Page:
Browser Fingerprinting: Impacts and Strategies for Web Scrapers

We’ve already seen in the past articles how fingerprints are created, using data read from the browser’s API and the various network layers.

To be honest, this is a rabbit hole and I still didn’t enter it but here are some resources if you wish to anticipate me:

https%3A%2F%2Fsubstack post 071d 4785 ad3b

But why it is so important for web scraping?

Anti-bot softwares use fingerprinting techniques to detect the hardware and software configuration used by scraper using webdrivers or browser automation tools.

This post is sponsored by Smartproxy, the premium proxy and web scraping infrastructure focused on the best price, ease of use, and performance.


In this case, for all The Web Scraping Club Readers, using the discount code WEBSCRAPINGCLUB10 you can save 10% OFF for every purchase.

In fact, scrapers made with Scrapy or similar tools are already getting blocked by them since they fail the first challenges thrown. But to detect more advanced bots, you need to understand better their environment and behavior and compare them with a list of human-like setups. If the scraper has a plausible fingerprint, it’s not detected as a bot and can continue scraping the website.

Privacy concerns

The client IP and all the derivate information that can be deducted from it are surely a part of the anti-bot strategy but they have little impact on a fingerprint. In fact, fingerprints are made, like cookies, with the intent to track users (or better, their devices) and generate a unique id, independently from where they are connecting.

This raises, of course, privacy concerns: nowadays every website requests explicit consent for using cookies after the legislation made its progress in this field. As a result, we have a worse navigation experience, with hundreds of pop-ups everywhere, but also more awareness by the masses about cookies in general.

Liked the article? Subscribe for free to The Web Scraping Club to receive twice a week a new one in your inbox.

And with more awareness, also companies that base their revenues on targeted advertising like Google, need to adapt and are moving away from this technology.

With fingerprinting, now, we’re at the same point where we were at the beginning of the cookie era: there’s not a general awareness of what is it and basically, we cannot decide to opt out of being tracked, unless we use some less knows solutions which sometimes are not compatible with websites we’re visiting.

In fact, most of the information included in a fingerprint comes directly from our browser and IP address, so unless we use a more privacy-oriented browser that gives away less data to the websites, at the risk of breaking something, we don’t have many other options.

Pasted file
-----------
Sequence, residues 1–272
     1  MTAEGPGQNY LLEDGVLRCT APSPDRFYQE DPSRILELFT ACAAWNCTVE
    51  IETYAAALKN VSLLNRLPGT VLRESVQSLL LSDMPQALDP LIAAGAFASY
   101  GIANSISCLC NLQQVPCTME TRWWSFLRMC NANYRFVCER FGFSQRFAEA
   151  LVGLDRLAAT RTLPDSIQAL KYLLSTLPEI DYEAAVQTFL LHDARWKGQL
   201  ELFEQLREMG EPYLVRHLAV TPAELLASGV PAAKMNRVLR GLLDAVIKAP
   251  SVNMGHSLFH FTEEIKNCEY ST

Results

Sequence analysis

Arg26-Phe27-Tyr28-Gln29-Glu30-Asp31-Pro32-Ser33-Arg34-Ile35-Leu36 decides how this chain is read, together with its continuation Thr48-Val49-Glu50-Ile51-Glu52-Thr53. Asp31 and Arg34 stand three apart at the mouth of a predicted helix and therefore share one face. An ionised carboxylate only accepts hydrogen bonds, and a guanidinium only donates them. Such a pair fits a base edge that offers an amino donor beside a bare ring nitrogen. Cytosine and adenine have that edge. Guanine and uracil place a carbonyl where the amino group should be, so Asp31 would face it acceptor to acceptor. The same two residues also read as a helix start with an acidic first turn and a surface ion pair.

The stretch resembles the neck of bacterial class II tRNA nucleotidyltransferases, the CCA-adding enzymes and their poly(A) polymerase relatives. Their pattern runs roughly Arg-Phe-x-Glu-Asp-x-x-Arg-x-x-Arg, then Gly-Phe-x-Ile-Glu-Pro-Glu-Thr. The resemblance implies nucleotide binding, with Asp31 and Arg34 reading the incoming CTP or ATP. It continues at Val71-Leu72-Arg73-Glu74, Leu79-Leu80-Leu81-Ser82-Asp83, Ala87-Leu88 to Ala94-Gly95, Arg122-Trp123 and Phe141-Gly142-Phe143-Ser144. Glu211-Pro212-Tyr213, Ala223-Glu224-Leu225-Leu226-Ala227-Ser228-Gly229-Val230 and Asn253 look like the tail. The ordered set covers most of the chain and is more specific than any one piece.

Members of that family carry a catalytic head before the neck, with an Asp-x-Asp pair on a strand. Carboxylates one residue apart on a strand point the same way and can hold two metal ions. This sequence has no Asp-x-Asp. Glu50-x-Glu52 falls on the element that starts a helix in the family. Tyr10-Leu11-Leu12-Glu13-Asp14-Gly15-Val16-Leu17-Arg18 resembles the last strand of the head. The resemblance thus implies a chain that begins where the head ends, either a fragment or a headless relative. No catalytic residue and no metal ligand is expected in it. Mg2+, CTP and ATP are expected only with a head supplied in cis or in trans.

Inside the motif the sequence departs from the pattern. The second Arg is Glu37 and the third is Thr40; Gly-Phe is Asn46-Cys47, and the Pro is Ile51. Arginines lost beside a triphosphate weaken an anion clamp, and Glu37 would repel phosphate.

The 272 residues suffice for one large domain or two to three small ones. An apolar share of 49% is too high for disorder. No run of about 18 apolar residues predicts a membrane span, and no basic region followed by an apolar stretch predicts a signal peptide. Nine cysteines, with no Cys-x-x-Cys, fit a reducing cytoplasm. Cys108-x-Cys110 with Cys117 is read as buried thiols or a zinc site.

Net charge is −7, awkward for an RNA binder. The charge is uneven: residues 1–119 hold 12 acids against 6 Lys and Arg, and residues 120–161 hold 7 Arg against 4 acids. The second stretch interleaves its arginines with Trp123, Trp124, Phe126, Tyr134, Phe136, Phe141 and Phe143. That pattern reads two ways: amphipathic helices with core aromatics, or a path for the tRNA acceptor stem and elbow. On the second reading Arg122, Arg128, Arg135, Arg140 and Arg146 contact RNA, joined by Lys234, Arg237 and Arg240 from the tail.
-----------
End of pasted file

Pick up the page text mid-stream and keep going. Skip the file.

If telling the web servers which operating system you’re using for browsing doesn’t seem a huge threat to your privacy, have a look at this study from some years ago about the Battery API available on most browsers until not so long ago. Since it returned the estimated time in seconds that the battery will take to fully discharge, as well the remaining battery capacity expressed as a percentage, the different combinations of these two numbers are 14 Million. If you sum up hundreds of these values, you can understand how fine-grained can be a browser fingerprint nowadays. If all the possible combinations of these parameters are in the order of billions, tracking a single user across the web it’s not that impossible.

The role of fingerprinting in web scraping

Of course, what can be used for tracking humans, can be used also to distinguish humans from bots. An example explains the situation better than one thousand words. Try to open a website heavily protected by Cloudflare like, first on your computer and then from a browser opened on a virtual machine hosted on a cloud provider.

You should be able to do this in both cases since you’re a human, but what usually happens in the second case?

https%3A%2F%2Fsubstack post 61b6 42b3 af10

You need to convince the website you’re a human. What happened? Using several pieces of information combined, like the ones described in this post, Cloudflare detected that the traffic was coming from a virtual machine. People usually don’t browse from data centers and virtual machines, while bots do. So the mix of IP-related information and browser parameters raised some red flags for Cloudflare, which decided to throw the challenge in the first place.

In this particular case, using a Smartproxy residential proxy, I could bypass the Cloudflare challenge when browsing. This means that in this configuration, the weight of the IP-related data is more relevant than the one coming from the hardware environment.

Altering the fingerprints

Luckily for web scraping professionals, as soon as fingerprinting has become an issue, several types of solutions were created.

Scraping APIs, like the Smartproxy website unblocker, are one of them. They manage internally the best fingerprint to show to the target website, fooling the anti-bot defenses.

Another solution to the fingerprinting issue is to use anti-detect browsers or AI-powered browsers, which can be configured to alter their final fingerprint.

I find this theme fascinating, so expect soon an in-depth post about fingerprinting techniques and how to mask the one of your scrapers.

Liked the article? Subscribe for free to The Web Scraping Club to receive twice a week a new one in your inbox.